It's summertime and many have been or will be going to the beach. How many of you enjoy staring at the waves in the ocean? Surfers enjoy them and others like watching them, photographing them, or just standing on the shore and letting them wash over their feet. Did you know they sky has waves too?
Have you ever heard of Lord Kelvin or Hermann von Helmholtz? If you said no, you're in the majority. These two men are well know physicists. Lord Kelvin developed the Kelvin temperature scale, while Helmholtz is known for his treatise on the “Conservation of Energy". Why are they important to this topic? It's because a type of cloud is named after them called Kelvin Helmholtz Waves.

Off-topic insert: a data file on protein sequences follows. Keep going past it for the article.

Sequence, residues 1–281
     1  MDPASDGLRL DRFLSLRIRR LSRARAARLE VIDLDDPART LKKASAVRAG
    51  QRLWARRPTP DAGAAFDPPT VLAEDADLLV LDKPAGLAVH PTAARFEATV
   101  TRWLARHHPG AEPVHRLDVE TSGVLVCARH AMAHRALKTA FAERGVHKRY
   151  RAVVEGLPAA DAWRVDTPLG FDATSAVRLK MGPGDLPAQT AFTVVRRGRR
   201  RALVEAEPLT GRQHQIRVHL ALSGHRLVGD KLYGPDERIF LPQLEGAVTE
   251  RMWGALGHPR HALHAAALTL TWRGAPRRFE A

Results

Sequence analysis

Kelvin Helmholtz clouds resemble breaking ocean waves. They usually form when there is instability on windy days. Created between two layers of the atmosphere where the top layer is moving faster than the bottom one, they are similar to how ocean waves form. The tops of the clouds are pushed over as the bottom moves slower. This causes a roll to develop leading to a wave formation.
If you've seen Kelvin Helmholtz clouds, then you are lucky! They are quite rare to see. Let's take a look at some images of them. The first image was one I took outside of the WDT office and I have to admit it was really interesting to see!